34 posted on 11/17/2006 4:23:48 PM PST by antiRepublicrat
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To: 2 Kool 2 Be 4-Gotten
This really isn't about Microsoft and Novell reassuring one another that they won't sue one another.

This is about Microsoft and Novell assuring business clients that there will be no lawsuits if the business clients use linux, particularly SUSE linux.

Businesses are FAR more cautious than ordinary consumers when there is a possibility of lawsuits based on intellectual property claims. Linux stands little chance of gaining widespread acceptance in the business community until and unless underlying intellectual property disputes are resolved.

This partnership agreement in a welcome and necessary step in the maturing and mainstreaming of linux in the business world.

35 posted on 11/17/2006 4:33:13 PM PST by JCEccles
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To: 2 Kool 2 Be 4-Gotten
This really isn't about Microsoft and Novell reassuring one another that they won't sue one another.

This is about Microsoft and Novell assuring business clients that there will be no lawsuits if the business clients use linux, particularly SUSE linux.

Businesses are FAR more cautious than ordinary consumers when there is a possibility of lawsuits based on intellectual property claims. Linux stands little chance of gaining widespread acceptance in the business community until and unless underlying intellectual property disputes are resolved.

This partnership agreement is a welcome and necessary step in the maturing and mainstreaming of linux in the business world.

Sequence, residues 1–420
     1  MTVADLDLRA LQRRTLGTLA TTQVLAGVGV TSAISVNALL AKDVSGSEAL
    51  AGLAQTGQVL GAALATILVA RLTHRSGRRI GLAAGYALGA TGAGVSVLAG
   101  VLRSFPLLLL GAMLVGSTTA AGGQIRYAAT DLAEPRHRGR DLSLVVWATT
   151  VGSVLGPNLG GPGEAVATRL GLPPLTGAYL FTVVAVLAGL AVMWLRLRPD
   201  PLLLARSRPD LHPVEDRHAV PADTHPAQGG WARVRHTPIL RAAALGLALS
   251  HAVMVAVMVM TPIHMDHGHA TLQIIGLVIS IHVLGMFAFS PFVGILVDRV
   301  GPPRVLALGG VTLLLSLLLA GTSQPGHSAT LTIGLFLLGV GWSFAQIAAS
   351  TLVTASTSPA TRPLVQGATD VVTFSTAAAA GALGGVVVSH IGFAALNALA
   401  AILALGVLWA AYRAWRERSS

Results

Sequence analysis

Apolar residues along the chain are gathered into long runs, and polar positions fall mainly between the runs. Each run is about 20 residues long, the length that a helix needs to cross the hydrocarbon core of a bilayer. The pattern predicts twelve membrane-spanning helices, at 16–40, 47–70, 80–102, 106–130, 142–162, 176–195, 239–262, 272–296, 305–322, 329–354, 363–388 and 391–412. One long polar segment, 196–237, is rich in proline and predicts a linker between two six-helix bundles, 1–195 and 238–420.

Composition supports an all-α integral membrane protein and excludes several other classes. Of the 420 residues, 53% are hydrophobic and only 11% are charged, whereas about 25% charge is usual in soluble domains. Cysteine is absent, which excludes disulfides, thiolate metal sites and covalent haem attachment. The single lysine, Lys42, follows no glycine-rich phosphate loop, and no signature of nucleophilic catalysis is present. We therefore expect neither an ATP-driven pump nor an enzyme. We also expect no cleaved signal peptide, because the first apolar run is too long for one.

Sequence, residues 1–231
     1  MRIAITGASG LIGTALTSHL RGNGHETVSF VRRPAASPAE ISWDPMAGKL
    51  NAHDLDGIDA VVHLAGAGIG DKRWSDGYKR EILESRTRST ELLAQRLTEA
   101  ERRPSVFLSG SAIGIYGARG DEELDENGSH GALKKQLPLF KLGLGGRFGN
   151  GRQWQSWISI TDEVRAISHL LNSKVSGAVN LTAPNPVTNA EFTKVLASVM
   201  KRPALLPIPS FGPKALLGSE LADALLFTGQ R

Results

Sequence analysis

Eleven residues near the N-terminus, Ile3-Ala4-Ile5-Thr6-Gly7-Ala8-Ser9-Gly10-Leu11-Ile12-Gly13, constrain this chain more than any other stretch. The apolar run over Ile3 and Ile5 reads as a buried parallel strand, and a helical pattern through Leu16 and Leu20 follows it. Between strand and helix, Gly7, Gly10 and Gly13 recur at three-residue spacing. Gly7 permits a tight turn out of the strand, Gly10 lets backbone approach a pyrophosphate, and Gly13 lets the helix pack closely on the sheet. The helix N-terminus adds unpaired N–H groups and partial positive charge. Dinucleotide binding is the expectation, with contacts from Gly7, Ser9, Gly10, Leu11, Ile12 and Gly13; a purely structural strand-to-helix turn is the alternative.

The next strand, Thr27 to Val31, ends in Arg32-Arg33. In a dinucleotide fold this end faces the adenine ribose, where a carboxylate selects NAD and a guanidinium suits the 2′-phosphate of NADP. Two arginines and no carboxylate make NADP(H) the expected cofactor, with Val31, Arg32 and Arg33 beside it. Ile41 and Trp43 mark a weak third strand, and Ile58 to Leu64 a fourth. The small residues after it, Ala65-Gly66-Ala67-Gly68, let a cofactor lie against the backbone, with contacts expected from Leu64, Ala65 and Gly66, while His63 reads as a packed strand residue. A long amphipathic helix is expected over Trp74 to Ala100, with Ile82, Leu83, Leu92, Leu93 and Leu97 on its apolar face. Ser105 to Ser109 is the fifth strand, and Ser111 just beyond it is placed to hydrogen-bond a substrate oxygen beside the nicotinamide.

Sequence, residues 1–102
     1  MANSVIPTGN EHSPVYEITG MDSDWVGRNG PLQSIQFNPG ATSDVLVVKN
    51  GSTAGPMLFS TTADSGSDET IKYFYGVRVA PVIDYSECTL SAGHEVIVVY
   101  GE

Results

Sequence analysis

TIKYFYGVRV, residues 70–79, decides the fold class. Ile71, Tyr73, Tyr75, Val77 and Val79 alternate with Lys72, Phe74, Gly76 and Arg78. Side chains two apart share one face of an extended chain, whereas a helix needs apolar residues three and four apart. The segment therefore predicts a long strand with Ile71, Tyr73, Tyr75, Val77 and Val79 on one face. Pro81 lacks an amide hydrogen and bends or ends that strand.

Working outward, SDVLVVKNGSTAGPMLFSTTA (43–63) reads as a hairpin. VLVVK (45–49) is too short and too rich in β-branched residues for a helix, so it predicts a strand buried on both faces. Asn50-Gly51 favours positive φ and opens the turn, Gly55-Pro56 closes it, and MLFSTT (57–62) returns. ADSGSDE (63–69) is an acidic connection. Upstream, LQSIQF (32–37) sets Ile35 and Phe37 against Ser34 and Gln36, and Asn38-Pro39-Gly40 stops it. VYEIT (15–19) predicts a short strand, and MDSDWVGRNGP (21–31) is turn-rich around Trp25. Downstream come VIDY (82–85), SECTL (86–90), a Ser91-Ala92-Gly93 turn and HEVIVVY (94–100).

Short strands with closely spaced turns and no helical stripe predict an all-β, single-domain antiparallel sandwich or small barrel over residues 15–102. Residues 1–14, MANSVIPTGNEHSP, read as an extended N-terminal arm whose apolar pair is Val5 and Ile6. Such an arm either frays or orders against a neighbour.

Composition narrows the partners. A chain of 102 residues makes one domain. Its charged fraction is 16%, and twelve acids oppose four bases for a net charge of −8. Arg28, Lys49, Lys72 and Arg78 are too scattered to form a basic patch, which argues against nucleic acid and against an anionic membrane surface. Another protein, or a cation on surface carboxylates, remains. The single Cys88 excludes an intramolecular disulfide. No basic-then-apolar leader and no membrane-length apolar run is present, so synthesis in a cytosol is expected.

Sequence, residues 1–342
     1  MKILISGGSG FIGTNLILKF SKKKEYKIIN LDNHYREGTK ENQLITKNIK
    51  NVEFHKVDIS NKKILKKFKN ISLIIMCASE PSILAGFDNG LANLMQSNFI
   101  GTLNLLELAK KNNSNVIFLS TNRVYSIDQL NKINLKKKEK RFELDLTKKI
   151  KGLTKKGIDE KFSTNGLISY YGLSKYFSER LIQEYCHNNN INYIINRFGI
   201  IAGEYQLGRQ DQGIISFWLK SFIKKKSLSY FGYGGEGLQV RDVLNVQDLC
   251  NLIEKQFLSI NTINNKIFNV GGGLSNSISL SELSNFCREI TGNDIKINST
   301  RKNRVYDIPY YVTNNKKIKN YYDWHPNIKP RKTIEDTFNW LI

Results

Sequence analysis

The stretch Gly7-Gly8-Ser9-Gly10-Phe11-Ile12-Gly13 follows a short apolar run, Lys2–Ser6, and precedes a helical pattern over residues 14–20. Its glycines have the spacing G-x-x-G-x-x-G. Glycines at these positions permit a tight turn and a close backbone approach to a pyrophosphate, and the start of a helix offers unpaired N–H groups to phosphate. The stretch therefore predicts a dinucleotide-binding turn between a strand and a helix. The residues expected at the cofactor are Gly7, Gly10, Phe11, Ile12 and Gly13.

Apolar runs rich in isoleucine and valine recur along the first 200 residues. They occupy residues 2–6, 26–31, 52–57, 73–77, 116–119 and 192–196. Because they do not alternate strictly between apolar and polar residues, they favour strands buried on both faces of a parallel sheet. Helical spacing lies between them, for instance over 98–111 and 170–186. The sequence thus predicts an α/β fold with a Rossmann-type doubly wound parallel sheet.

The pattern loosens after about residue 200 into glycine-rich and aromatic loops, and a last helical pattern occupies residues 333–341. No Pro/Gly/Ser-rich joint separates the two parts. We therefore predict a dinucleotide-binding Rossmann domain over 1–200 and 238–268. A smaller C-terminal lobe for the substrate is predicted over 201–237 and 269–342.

36 posted on 11/17/2006 4:34:09 PM PST by JCEccles
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To: antiRepublicrat

The official Republican sites RNC.ORG and GOP.COM both use Windows. And no, I don't care what Kerry uses in his office nor do I care to see a picture of him, ever.


37 posted on 11/17/2006 4:38:11 PM PST by Golden Eagle
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To: JCEccles
This partnership agreement in a welcome and necessary step in the maturing and mainstreaming of linux in the business world.

I agree, too bad the rest of "the linux community" is outraged and wishing the destruction of Novell now.

38 posted on 11/17/2006 4:41:44 PM PST by Golden Eagle
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To: Golden Eagle; antiRepublicrat; MikefromOhio

Truth is that unlike other items, there is absolutely no standards (other than there not being an existing patent) when it comes to software.

In theory, I could copy a piece of code from the Internet that displays "Hello World" and get a patent on it (assuming somebody else hasn't done that yet).

Is it possible that the Linux kernel could have infringements? Possibly. Even antiRepublicrat mentioned that his clean-room program could very well be violating at least one patent--so it's a possibility.

OTOH Iggle, what has MS come up with that's actually innovative besides Microsoft Bob and Clippy?


39 posted on 11/17/2006 4:43:04 PM PST by rzeznikj at stout (Boldly Going Nowhere...)
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To: rzeznikj at stout

According to the patent office alone it's 5,000+ things as another poster mentioned. If you feel you can invalidate those claims I suggest you get started.


40 posted on 11/17/2006 4:56:20 PM PST by Golden Eagle